It all started when…
a rowing race was run between Teignmouth and Shaldon in 1773, as mention in a letter to Fanny Burney. It is of course possible that this was the start of a more extensive series of races and therefore a regatta but we mark the first Shaldon Regatta as having been in 1817. This makes it one of the oldest regattas in existence!
The regatta was first reported in the Exeter Flying Post in 1848 and mentions a course of twice around the harbour keeping below the bridge so that spectators were able to see the whole of the race.
Various races were staged including one for four oars that women rowed in full decoration including colourful gowns and caps.
This was followed by the gig & punt race where the smaller one man punt was raced by a larger gig around the harbour. This race is still run in the regatta today and is a re-enactment of the scene were the pilots who brought the boats across the bar into the port were paid for each navigation. This caused a race to be had to be first to a ship requiring pilotage between the small Shaldon punt and the Teignmouth gig.
it is recorded that the Reverend Hutton objected to women taking part in the regatta. Fortunately his objections were ignored! It is also reported that there was an increase in beach sports and a duck race, another event that is still popular in today's calendar.
By 1878 the event was still a one day meeting being reported as "This pretty little aquatic meeting...." By 1883 it is known that a fair was set up along the Strand and Marine Parade.
the fun lasted over two days as more events were introduced with prize money being quite substantial. £3, £2, and £1 were up for grabs for the top events. The sailing events had as their prizes such delights as an oak water jug, a butter dish and a butter dish along with an electro-plated jam dish!
Both wars saw the postponement of the regatta.
Some interesting events started to creep in to the programme including the greasy pole which the men had to try and clamber up to win a joint of meat from the top and the diving off the quay to collect plates.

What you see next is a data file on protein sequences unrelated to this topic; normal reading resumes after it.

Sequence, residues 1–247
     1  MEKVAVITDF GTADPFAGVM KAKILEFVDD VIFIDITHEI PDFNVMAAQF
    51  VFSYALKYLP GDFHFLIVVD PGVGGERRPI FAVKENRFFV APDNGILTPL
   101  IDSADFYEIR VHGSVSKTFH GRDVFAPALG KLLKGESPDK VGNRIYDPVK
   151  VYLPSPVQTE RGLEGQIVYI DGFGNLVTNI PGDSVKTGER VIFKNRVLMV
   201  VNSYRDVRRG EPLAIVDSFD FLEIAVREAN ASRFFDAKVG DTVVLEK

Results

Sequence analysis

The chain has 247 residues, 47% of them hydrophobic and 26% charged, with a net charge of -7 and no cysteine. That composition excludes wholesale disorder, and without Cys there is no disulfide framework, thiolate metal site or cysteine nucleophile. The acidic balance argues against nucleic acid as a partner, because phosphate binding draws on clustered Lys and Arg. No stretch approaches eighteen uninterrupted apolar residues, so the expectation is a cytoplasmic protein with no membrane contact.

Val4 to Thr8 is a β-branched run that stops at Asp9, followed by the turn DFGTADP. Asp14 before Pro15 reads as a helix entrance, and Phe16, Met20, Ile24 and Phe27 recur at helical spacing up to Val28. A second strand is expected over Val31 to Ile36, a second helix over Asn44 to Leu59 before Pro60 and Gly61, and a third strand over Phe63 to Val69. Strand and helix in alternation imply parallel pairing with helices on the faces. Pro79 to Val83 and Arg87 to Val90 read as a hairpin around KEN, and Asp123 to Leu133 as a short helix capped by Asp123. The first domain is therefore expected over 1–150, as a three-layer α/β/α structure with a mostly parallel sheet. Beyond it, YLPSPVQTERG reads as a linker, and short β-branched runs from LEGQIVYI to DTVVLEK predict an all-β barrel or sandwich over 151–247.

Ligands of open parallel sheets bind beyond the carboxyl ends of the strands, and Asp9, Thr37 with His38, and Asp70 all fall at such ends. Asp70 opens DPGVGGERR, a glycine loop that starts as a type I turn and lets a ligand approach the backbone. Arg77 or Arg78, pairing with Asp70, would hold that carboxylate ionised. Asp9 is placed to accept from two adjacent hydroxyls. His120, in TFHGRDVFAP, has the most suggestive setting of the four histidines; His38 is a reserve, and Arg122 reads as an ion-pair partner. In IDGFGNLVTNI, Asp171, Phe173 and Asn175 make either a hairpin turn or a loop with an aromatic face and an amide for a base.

It was after the Second World War that swimming was introduced with the races being held between the Quay and the Manor House. The races were handicapped with the tallest participant being made to stand further out in the depths. The then Chairman of the Regatta, Mr Morgan-Giles noted these as a 'waterside gymkahna' but were later re-named as the Happy-Go-Lucky Water Sports, a name that is still in use today.
The regatta had stretched to three days by 1954 with the re-introduction of the gig and punt race raising much hilarity as the five Shaldon men rowed their boat dressed as women.
the regatta was growing to something like it is now with the introduction of the marathon row from Dawlish. This inaugural three mile row was won by Roger Stoyle and Bernard Howard from a field of twenty-two.
The increase in popularity of the races meant that many youngsters who didn't have a dinghy weren't able to row so the Chairman, Mr Charles Hulbert, started a project to build a standard boat from a mould taken from an original Jack Matthews built craft. The original six are still used today but now there are hundreds of these boats in existence and races in the regatta are restricted to this type with wooden oars.
Today the regatta has grown to nine days and ends on the August bank holiday Monday.
It's a wonderful time with many of the participants coming to stay in the village for the fortnight and renewing annual acquaintances.
The emphasise is on involving children on the water in a competitive but controlled situation and for anyone to be able to take part.
Spectators are well catered for as well with the introduction of beach sports including Beach Kricket (to Shaldon rules!), volleyball, rounders, football and netball.
River activities have also increased with the introduction of the four man Seine boats, taken from an original Syd Hook mould.
Sailing is also very popular. The regatta have six Otter sailing boats for use in races that any aspiring sailor is welcome to use even if they've never set foot in a boat before.